Music and Religion

Desiring Music, part 2

The desire for music is a desire for truth, a desire to see the world rightly at last, as much as it is a desire for beauty. Of course, as John Keats told us, they are the same thing:
“Beauty is truth, truth beauty," -- that is all
Ye know on earth, and all ye need to know.
The desire for spirituality is also, like music, a desire to somehow see the world truly and rightly – as words alone cannot tell it. I use words like one-ness, connection, transcendence, dropping away of the sense of a separate self, acceptance, presence, mystery, and wonder. Other preachers include words like God and heaven. And we can argue about the words because they are words. The directly experienced, if we see it, exposes the paltry inadequacy of all those words.

The prominent role of music in religion is not an accident. Religion probably emerged in human evolution because of competition between tribes. To survive required success in defense and battle. Success in battle required high social cohesion. Tribal cohesion was facilitated by sharing of rituals, participating together in ritualized behavior -- and the sharing of stories about the origin of your people – and the sharing of music.

One of the most obvious features of music the world over is that it tends to be a group activity. Groups make music together more readily, more easily and naturally, and more often than a group can paint a painting or write a poem. The only other art form that is so given to creating in groups is dance – and dance is so intertwined with music that some cultures make no distinction. They have the same word for both music and dance. And even when there is just a solitary performer, music commonly happens in contexts and places that foster a sense of cohesion among the audience and with the performer. Music psychologist Juan Roederer says music is
“a means of establishing behavioral coherency in masses of people. In the distant past this would indeed have had an important survival value, as an increasingly complex human environment demanded coherent, collective actions on the parts of groups of human society.”
Rhythmic sounds are a great way to get people to clap or drum along, synchronizing and coordinating their activity. Many of you have had vivid experience of music promoting a lasting sense of togetherness. Notes Phillip Ball:
“Adolescent subcultures establish their identity through allegiance and shared listening to specific modes of music.”
The signature event of the 1960s was a music festival called Woodstock, a couple hours up the road from here. It brought together 400 thousand people with a resolve to live in . . . harmony.

If religion originates in the tribal need for social cohesion, and music is also a very powerful force in connecting people together, then it’s no wonder that music and religion are as intertwined as they are, from the church music so prominent in the history of European music, to drumming and dancing at religious festivals in cultures all over the world. According to Johann Sebastian Bach:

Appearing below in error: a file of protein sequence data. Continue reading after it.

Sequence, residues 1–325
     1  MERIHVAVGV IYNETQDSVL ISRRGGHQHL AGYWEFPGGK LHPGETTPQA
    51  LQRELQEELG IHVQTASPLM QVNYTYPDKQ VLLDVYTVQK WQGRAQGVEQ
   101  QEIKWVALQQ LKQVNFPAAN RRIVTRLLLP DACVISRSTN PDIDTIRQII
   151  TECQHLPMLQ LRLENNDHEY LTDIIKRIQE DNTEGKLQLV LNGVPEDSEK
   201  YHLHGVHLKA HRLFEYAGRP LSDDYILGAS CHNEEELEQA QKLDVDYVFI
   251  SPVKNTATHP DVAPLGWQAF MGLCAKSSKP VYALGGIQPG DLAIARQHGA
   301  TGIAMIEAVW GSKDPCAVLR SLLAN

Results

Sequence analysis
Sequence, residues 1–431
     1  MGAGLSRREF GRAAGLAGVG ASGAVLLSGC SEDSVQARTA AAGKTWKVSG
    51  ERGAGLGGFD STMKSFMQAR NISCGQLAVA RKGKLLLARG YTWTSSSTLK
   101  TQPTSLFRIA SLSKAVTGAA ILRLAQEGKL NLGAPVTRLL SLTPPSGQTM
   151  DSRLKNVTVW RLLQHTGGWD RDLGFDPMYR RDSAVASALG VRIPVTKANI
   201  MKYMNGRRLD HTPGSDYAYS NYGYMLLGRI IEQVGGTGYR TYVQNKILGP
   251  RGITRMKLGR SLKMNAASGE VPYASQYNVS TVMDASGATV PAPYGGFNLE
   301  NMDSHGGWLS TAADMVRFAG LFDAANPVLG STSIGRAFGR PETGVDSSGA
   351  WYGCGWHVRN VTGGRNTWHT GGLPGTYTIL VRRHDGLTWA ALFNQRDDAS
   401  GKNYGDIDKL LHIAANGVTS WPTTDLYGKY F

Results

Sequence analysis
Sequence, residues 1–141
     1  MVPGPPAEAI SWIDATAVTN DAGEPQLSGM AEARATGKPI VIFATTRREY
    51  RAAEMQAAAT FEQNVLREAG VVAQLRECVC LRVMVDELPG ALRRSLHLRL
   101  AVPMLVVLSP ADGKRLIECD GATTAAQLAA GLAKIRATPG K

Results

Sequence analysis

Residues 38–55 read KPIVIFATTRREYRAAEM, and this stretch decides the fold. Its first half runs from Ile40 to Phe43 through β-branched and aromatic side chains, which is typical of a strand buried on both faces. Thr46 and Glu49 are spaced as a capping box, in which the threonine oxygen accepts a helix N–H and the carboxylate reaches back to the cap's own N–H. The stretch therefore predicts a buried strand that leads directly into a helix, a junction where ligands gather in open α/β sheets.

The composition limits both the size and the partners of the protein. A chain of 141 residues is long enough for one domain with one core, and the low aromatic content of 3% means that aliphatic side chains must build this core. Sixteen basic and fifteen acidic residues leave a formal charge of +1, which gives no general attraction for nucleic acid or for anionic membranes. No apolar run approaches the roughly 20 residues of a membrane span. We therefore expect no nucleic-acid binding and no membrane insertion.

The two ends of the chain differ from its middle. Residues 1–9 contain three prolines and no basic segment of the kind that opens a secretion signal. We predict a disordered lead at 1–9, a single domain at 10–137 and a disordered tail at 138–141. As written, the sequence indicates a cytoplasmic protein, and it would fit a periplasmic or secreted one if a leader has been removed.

“The aim and final end of all music should be none other than the glory of god and the refreshment of the soul. If heed is not paid to this, it is not true music but a diabolical bawling and twanging.”
Our hymn #36 (in Singing the Living Tradition) begins:
“When in our music God is glorified,
and adoration leaves no room for pride,
it is as though the whole creation cried
The language of Bach’s religious tradition, echoed in our hymn – glorifying God in music – is an attempt to point to a certain kind of experience. Bach’s language doesn’t work for all of us, but the experience that language is trying to point toward is something for all of us. The words are an attempt to point toward an experience of dropping your separate, isolated and isolating concerns, your defenses – submerging in a wider reality, connecting outside yourself -- simply loving this life and this world in its infinity and ultimate unknowability – for then such adoration will leave no room for the pride that separates us.

And we do so desire to transcend that separation – to open ourselves to a way of presence in which every sight and sound is there for the purpose of joining with us in celebration: "It is as though the whole creation cried alleluia!"

The brain’s capacity for musical experience and its capacity for spiritual experience both involve feelings and awarenesses outside the realm of words and reason, outside of any conscious purpose other than itself. Though they ultimately touch the wordless, we quickly begin constructing words all around them – words to describe related parts that can be described. Both musical and spiritual experience connect us with others, and then feed upon that connection to grow more intense.

* * *
This is part 2 of 3 of "Desiring Music"
See also
Part 1: Music: More Real than Reality
Part 3: Music, Spirituality, and Seeing the World Rightly

1 comment:

  1. Music and religion have the great of commons. It brings us the meaningful of music for religion and it is also has for music too.